Do L.A. Lakers Have Best Backcourt and Frontcourt in the NBA?

Darius Soriano@@forumbluegoldFeatured ColumnistAugust 28, 2012

LOS ANGELES, CA - MAY 04:  Kobe Bryant #24 of the Los Angeles Lakers sits on the bench alone before the start of the third quarter against the Dallas Mavericks in Game Two of the Western Conference Semifinals in the 2011 NBA Playoffs at Staples Center on May 4, 2011 in Los Angeles, California. NOTE TO USER: User expressly acknowledges and agrees that, by downloading and or using this photograph, User is consenting to the terms and conditions of the Getty Images License Agreement.  (Photo by Stephen Dunn/Getty Images)
Stephen Dunn/Getty Images

After a team has made major changes to their personnel, it's always a bit difficult forecasting how they'll actually play on the floor. There are variables beyond the inherent talent the players possess and those must be taken into account when evaluating what will occur when they actually play the games. 

It's why Chris Bosh can say that the Lakers have the best team on paper (a point that Kevin Durant essentially reiterated) and everyone understands what his qualifier means. We need to see some evidence before we come to any hard conclusions.

That said, the "on paper" argument is one that still carries some weight. After all, one of the key requisites for a team being successful is them having the adequate talent to do so. Teams don't win without the horses and in acquiring Steve Nash and Dwight Howard, the Lakers added two thoroughbreds to their stable that instantly upgraded their roster into the upper crust of the association.

Furthermore, when the Lakers added those two players specifically, they bolstered the compartmentalized units on their team. Said another way, the Lakers already boasted one of the best two shooting guards in the league and one of the best handful of power forwards. In adding the league's best center and one of the top point guards, the Lakers have created a backcourt pairing and a two-thirds of a frontcourt that can be considered the best in the league. 

Are they the best, though? Let's explore...

In terms of their backcourt, I'd argue that the Lakers do have the best in the league. Whether you consider Kobe the best shooting guard in the league or not (Wade is definitely in this discussion), he's certainly one of the top two.

Last season, Kobe was named first team All-NBA for the seventh straight season and remains one of the best all-court players even though he's entering his 17th season. And while Nash is no longer the perennial MVP candidate he was several years ago, he's still revered as one of the best pure playmakers in the game today, as evidenced by his league-leading assist rate from this past season.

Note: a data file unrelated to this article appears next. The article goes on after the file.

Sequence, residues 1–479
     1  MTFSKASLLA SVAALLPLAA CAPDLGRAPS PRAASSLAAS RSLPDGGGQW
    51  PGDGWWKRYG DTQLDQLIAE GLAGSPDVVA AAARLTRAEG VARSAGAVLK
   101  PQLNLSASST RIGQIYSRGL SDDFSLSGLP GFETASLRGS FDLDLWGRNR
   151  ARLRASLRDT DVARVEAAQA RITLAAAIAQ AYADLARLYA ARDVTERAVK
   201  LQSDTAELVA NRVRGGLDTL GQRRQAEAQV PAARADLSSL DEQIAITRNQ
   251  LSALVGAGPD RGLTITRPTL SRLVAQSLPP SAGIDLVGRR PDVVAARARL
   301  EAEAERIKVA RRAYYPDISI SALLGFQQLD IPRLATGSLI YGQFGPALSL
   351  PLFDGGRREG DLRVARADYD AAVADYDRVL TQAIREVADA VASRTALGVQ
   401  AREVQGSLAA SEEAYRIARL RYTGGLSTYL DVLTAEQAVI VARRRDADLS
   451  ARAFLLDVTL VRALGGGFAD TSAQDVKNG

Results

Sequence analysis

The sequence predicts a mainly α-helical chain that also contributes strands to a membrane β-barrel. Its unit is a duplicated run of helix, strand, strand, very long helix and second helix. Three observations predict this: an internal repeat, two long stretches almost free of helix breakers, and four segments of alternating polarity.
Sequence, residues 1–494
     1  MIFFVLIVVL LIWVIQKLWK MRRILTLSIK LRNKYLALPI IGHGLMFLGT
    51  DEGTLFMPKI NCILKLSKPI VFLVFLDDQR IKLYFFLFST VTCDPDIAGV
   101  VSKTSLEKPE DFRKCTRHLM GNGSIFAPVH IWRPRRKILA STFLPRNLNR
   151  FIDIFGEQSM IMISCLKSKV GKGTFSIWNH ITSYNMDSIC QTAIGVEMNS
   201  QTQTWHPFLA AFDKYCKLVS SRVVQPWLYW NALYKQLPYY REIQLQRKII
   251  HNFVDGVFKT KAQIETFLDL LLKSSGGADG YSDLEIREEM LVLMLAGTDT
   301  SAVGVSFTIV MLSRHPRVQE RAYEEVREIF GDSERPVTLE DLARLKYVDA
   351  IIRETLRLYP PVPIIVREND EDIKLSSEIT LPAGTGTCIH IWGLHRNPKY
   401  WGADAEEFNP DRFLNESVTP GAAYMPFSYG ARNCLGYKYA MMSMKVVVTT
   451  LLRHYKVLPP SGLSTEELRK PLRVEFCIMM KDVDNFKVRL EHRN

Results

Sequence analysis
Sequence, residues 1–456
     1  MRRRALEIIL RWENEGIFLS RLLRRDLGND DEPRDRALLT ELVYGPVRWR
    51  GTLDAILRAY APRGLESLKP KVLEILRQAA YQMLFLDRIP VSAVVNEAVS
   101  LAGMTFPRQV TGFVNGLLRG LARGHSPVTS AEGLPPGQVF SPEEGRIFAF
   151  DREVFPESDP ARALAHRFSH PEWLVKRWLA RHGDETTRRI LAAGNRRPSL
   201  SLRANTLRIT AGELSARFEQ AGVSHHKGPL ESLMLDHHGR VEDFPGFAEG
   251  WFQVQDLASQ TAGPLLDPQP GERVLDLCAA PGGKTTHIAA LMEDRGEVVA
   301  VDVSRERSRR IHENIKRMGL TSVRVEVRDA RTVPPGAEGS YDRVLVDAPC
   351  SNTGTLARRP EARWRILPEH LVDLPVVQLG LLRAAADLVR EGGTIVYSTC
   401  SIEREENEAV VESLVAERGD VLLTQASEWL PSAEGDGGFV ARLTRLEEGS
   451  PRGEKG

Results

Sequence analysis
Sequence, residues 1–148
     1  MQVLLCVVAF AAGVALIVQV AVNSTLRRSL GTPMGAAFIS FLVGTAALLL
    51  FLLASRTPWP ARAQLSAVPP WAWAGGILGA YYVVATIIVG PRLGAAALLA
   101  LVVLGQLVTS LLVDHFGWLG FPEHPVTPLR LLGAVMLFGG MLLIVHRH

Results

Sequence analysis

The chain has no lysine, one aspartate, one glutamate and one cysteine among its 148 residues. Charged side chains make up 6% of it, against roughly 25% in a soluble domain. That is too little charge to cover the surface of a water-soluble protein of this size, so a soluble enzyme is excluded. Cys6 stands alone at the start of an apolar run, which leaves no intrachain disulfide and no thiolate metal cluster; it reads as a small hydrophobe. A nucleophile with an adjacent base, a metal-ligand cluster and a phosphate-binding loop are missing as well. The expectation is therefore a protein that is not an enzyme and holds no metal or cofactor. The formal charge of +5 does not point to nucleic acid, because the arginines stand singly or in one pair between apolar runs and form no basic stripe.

Furthermore, both players also have the ability to play each other's roles. Nash is not only a great set-up man, but he's one of the best shooters in the league. He doesn't always flash his ability to be a dominant scorer, but he can hit shots from all over the floor and has proven time and time again that he'll knock down the big bucket when his team needs it.

Meanwhile, Kobe can still play set-up man very well. Last season he was second to only Monta Ellis in assists per game by a shooting guard and his ability to draw a second defender and pick out the open teammate remains very high. 

The only other team that possesses players close to this quality is the Nets with Deron Williams and Joe Johnson. And while I won't discredit Brooklyn's duo in any way—both players are very good and are primed to have fantastic years—I'll take Nash and Bryant's cumulative accomplishments and multifaceted games over their younger counterparts if choosing today.

When looking at the frontcourt, however, I'm not sure if the Lakers can make the same claims to having the best group. While Howard is the undisputed best center and Gasol remains one of the most skilled big men, I'd lean toward the front-line the Heat can put on the floor each night.

LeBron James remains the game's best player. This isn't really up for debate. He's coming off a year for the ages in leading an NBA champion and Olympic gold medal team, while winning the regular-season and Final's MVP awards. He's a fantastic playmaker, elite scorer and the league's best perimeter defender. Add in his positional versatility—his switching between small and power forward was a key ingredient to the Heat and Team USA's accomplishments—and any frontcourt that he calls home starts with a leg up on the competition.

LeBron doesn't do it alone, however.

I've long believed that Chris Bosh is one of the more under-appreciated players in the league. There's a reason that the Heat looked beatable against the Pacers and the Celtics while Bosh sat out with injury in the playoffs. But once Bosh came back fully healthy, and brought with him his shooting ability, rebounding and defensive acumen, the Heat again morphed into the NBA's best team. Add in Shane Battier and the Heat have a trio that are two-way threats.

No disrespect to the Lakers, but if choosing between the full compliment of players that make up their frontcourt and ones that make up the Heat's, I'm taking the guys that call Miami home.

Ultimately though, when taking a step back, one has to marvel at what the Lakers have been able to do in putting together this roster and in even being able to make an argument for having the best backcourt and frontcourt units. And while they may not win out in both categories, the combination of talent they've amassed in total certainly gives them the league's best starting five. Just like Chris Bosh said.